Climbing the Property Ladder – The Growing Role of the Bank of Mum and Dad

Getting a foot on the property ladder is becoming an increasingly complex challenge for many, with a significant number of first-time buyers turning to the Bank of Mum and Dad for that much-needed financial boost. This trend highlights a changing trend in the journey towards homeownership, with nearly half of all first-time purchasers now relying on financial support from family and friends.

The Rising Tide of Family Support

Recent figures from the Office for National Statistics (ONS) have shown reality facing those aspiring to own their first home. With property prices reaching sky-high levels, a staggering 36% of first-time buyers in the financial year 2022/23 sought financial gifts from their loved ones to make their dream of homeownership a reality. Additionally, 9% were able to step onto the property ladder thanks to inheritance money. This marks a significant rise from two decades ago, where the figures stood at a mere 20% receiving help from family and friends, and 3% using inheritance funds.

A Shift in Milestones

The ONS’s Milestones report offers a deeper insight into this phenomenon, tracking key life experiences and the ages at which they occur. It has been observed that the age by which more than half of the population owns a home has edged up from 32 years in 2004 to 36 years in 2022. This shift is emblematic of broader changes in society, where major life events such as leaving the parental home, marriage, and retirement are occurring later in life. For instance, the age by which half of the population in England and Wales leaves their family home has risen from 21 in 2011 to 24 in 2021. Similarly, the proportion of unmarried or civil partnered couples aged 25 to 29 living together surged from 56% to 72% over the same period.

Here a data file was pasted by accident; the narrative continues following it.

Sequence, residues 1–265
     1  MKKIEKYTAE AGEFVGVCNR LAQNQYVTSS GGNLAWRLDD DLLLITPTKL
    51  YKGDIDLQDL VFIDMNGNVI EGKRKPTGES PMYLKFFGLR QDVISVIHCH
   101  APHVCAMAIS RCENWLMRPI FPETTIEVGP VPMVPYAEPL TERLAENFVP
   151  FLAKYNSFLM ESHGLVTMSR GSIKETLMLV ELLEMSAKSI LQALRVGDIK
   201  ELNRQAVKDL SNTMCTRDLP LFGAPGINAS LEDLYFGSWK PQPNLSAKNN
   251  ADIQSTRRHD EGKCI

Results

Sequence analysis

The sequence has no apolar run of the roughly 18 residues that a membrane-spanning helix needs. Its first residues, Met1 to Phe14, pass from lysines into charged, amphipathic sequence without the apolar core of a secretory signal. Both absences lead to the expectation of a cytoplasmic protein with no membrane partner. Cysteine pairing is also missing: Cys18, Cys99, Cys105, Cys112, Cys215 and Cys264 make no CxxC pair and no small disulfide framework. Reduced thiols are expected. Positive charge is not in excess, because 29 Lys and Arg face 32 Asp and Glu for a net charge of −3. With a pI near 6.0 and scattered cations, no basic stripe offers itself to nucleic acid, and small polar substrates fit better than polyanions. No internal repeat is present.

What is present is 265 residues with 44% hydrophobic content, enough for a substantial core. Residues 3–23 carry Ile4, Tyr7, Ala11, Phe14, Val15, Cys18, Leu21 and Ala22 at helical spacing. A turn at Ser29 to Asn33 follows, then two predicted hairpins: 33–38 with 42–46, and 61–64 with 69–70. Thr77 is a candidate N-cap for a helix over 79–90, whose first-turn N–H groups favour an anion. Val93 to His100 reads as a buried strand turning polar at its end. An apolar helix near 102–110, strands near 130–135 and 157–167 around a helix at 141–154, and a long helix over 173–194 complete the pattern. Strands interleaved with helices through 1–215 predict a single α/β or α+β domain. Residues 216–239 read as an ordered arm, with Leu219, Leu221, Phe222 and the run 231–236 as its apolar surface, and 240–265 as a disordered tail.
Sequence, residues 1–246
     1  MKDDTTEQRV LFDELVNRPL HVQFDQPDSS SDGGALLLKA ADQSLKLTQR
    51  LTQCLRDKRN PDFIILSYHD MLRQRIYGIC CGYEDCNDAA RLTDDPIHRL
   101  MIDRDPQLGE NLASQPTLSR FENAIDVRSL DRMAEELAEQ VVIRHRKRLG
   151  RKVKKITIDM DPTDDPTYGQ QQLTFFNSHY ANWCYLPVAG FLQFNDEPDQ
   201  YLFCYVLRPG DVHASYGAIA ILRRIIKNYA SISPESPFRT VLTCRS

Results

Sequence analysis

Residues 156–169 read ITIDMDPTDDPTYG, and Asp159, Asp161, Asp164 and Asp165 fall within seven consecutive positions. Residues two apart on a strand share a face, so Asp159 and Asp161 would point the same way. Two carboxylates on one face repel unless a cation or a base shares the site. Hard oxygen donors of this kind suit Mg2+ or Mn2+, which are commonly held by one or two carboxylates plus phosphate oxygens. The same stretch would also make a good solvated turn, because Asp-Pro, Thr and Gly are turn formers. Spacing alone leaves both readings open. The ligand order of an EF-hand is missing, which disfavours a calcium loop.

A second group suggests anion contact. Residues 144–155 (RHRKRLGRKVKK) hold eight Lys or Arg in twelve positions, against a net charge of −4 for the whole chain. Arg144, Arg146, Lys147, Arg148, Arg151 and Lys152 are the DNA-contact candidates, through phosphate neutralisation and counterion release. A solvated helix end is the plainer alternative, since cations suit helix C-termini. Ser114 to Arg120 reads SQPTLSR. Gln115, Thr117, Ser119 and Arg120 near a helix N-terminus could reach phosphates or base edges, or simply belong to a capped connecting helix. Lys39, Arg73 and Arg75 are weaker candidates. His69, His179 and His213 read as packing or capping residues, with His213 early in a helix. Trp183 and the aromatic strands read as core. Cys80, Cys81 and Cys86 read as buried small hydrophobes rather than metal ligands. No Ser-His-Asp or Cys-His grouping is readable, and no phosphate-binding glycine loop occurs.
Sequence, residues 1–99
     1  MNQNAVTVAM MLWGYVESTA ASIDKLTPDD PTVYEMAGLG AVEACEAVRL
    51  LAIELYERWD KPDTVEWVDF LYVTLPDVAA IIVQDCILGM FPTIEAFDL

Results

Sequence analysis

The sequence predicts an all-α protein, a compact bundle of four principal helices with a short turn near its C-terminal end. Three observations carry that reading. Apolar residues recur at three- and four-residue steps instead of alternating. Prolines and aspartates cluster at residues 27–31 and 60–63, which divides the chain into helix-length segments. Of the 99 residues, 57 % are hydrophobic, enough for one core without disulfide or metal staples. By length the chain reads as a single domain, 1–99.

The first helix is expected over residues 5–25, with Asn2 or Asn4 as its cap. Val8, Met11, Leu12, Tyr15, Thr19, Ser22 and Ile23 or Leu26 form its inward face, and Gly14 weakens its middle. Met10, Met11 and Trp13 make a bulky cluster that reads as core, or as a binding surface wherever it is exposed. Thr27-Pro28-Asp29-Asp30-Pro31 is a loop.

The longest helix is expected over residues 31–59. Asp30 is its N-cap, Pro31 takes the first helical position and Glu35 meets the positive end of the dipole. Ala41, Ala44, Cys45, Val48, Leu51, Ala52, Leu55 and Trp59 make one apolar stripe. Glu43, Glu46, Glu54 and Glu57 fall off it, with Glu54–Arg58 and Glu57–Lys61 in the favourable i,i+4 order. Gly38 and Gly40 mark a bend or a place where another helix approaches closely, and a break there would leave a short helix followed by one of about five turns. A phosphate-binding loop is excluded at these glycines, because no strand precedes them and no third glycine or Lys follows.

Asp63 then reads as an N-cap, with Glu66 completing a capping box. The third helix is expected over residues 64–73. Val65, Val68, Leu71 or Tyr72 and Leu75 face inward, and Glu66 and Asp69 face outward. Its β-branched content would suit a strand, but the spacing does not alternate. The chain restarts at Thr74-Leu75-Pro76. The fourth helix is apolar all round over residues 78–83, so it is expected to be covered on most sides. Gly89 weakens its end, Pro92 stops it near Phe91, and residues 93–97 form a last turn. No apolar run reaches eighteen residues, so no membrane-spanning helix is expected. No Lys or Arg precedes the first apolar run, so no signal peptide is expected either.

The Changing Face of Adulthood

Kerry Gadsdon of the ONS comments on these findings, “Everyone’s journey through adulthood is different, but we can use a range of data to explore key events in life. We’ve examined how these milestones of adulthood have changed over the past decade and can see how society is shifting. People are doing many things later in life, like leaving their parents’ home, getting married and retiring. But not everything has changed. Most people still enter the workforce at 23-24 years old and make the most money in their 30s to 50s. It’s more surprising, perhaps, given rising property prices, that in 2022 half of adults in the UK were on the property ladder by the age of 36 – around the same as in 2012.”

A Snapshot of a Changing Society

This comprehensive data offers a snapshot of how the journey through adulthood is transforming in the 2020s. The increasing dependence on the Bank of Mum and Dad for securing a first home underscores the economic challenges facing the current generation of would-be homeowners. It also highlights the changing nature of family dynamics and the pivotal role they play in facilitating major life milestones.